Cliff Caldwell is the author of a number of popular books on the American West covering subjects ranging from Billy the Kid and the Lincoln County War to Texas Cattle Kings like John Chisum and... More > Robert Wylie. Cliff's most recent work, Texas Lawmen 1835-1899, chronicles
the deaths of over 860 Lone Star lawmen of the 1800s. Cliff has also written a number of articles over the years about a variety of old west personalities, places and events. Some have been published in journals and magazines while many have not. This book is a collection of popular articles from Cliff's inventory of work. Contained in this book you will find new information about various Lincoln County War participants, Texas lawmen, the Horrell
Higgins feud, mysterious Baby Head Texas, and much
much more. Lots of gripping tales, little known facts and fascinating stories!< Less
Historians and authors have chronicled the lives of dozens of cattle kings of the era. Unfortunately, the stories of other equally intrepid stockmen and pioneers like Robert Kelsey Wylie have gone... More > unrecorded.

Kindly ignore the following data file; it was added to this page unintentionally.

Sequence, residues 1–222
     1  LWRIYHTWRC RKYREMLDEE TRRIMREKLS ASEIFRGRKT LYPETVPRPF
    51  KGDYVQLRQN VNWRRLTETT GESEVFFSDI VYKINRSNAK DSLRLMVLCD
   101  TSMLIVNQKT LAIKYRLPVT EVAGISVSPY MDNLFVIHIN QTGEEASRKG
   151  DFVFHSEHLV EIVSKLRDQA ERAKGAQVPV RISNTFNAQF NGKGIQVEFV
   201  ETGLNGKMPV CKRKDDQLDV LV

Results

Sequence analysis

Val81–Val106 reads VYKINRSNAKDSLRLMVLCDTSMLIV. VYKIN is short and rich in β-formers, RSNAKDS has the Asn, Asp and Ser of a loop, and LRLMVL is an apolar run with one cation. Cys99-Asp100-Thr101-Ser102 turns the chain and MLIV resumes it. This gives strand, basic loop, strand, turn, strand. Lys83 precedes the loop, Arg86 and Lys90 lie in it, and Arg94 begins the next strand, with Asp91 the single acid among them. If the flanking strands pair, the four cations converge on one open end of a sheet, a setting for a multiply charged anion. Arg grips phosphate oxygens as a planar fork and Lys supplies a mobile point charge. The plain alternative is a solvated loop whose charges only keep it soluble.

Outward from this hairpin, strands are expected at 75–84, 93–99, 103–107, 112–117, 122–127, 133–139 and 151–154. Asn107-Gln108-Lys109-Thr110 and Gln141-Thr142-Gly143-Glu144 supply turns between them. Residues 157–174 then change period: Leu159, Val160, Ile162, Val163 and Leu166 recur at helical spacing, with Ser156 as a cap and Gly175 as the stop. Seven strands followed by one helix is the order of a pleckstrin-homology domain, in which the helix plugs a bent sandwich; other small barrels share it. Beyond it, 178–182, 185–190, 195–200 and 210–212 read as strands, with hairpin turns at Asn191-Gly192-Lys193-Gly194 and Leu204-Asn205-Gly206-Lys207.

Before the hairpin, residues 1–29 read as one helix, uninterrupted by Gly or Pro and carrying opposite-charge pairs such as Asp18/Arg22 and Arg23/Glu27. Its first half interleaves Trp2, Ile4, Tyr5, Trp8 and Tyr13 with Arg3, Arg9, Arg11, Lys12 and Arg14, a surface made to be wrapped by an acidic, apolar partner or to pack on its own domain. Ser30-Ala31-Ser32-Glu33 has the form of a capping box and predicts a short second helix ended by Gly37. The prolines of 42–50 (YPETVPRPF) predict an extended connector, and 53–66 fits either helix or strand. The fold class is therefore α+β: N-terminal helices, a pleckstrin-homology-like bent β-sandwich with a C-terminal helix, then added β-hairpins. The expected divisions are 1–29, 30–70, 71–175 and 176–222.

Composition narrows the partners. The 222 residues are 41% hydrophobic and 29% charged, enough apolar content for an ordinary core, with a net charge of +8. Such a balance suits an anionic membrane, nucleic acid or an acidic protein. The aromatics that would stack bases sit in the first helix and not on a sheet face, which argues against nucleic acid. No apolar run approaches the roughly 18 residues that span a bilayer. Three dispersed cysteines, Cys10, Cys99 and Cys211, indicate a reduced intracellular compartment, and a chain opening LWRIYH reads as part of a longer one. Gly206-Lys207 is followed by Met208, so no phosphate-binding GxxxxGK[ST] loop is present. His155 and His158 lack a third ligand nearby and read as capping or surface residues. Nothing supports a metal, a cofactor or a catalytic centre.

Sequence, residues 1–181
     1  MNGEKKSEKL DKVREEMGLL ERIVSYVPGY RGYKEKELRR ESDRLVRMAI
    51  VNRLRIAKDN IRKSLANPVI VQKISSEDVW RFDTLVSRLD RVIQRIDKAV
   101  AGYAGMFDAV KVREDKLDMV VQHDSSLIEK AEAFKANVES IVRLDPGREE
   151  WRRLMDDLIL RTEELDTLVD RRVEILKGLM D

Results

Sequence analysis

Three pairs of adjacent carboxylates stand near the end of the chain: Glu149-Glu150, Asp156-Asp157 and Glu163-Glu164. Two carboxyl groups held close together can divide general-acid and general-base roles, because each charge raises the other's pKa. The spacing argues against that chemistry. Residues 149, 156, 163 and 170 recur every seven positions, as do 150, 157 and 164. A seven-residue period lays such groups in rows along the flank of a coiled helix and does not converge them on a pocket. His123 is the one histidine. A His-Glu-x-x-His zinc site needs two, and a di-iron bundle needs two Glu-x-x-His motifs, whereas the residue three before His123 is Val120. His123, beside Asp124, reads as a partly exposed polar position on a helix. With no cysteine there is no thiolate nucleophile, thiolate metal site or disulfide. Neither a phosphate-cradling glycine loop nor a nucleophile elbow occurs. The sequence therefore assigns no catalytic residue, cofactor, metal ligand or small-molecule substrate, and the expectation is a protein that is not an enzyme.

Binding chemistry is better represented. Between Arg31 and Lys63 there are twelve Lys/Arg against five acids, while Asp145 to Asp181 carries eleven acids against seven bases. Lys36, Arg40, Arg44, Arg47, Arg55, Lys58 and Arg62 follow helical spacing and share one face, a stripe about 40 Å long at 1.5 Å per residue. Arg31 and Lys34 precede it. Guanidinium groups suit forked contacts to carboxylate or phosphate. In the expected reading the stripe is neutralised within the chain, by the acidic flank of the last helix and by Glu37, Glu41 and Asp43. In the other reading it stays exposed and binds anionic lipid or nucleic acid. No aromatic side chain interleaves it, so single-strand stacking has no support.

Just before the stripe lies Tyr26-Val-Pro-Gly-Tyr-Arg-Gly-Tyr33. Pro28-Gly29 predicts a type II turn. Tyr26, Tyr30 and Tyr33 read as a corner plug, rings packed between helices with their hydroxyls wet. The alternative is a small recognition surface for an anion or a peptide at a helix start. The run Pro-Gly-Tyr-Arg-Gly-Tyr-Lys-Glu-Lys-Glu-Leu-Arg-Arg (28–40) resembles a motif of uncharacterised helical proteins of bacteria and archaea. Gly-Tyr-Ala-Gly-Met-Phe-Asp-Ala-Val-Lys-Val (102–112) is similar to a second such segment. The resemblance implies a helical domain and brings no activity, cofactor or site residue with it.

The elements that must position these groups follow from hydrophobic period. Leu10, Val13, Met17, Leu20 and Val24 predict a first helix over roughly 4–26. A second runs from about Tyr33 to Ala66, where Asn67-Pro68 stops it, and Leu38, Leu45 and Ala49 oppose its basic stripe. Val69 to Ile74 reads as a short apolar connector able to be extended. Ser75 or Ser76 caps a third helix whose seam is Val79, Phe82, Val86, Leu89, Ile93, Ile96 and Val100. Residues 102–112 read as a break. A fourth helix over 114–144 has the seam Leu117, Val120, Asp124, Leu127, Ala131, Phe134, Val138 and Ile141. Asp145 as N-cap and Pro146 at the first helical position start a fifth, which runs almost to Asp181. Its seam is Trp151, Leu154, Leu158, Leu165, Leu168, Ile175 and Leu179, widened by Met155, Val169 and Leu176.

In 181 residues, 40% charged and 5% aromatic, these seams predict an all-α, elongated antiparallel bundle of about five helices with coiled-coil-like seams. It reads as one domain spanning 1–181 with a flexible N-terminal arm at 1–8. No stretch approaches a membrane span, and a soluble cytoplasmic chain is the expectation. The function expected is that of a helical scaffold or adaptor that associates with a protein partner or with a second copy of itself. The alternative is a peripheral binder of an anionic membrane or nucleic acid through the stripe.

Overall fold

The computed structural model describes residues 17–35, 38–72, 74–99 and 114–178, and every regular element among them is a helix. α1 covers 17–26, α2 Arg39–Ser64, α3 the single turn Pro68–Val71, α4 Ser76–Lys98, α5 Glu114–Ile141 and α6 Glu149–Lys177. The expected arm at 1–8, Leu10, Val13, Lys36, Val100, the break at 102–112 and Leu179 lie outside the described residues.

Wylie cut his teeth as a cowman, at a time when cattle raising in Texas was a fresh new enterprise. When free grazers moved their range to central Texas, Wylie carved out a niche for himself along the Colorado River in what would later become Runnels County. He was a pioneer trail driver, captaining the first herds west to New Mexico. When rustlers threatened his livelihood along the Pecos River he stood side by side with John Chisum and fought the outlaws. Unlike his compatriots, when sheep ranching took hold in Texas in the late 1800s Wylie embraced the enterprise, and pioneered a large scale ranch near Van Horn in Cluberson County.
Wylie’s story is one of bravery, determination, vision and generosity. It is a story that needed to be told.< Less
The Texas Hill Country is rich with history. In recent years revisionist historians have only written about a select few aspects of the region, apparently preferring to overlook the fact that... More > outlaws, lawmen, Indians, horse soldiers and Spanish explorers crisscrossed the San Saba River and Menard County area for hundreds of years. True enough, the quaint shops and bistros, the music festivals, wildflowers, and the pleasing climate may be the attraction today but the area was home to Paleo-Indians 10,000 years ago. Spaniards trekked through the region in 1753, finding promise of gold and silver in the surrounding hills. Early Texas pioneers ultimately carved out a frontier settlement here, only to be menaced by hostile Comanche Indians, reluctant to release their hold on the region. Fort McKavett, the lonely outpost on the San Saba, played a vital part in the settlement of this area and in the rich military history of Texas. Join the author in rediscovering the fort, and Menard County.< Less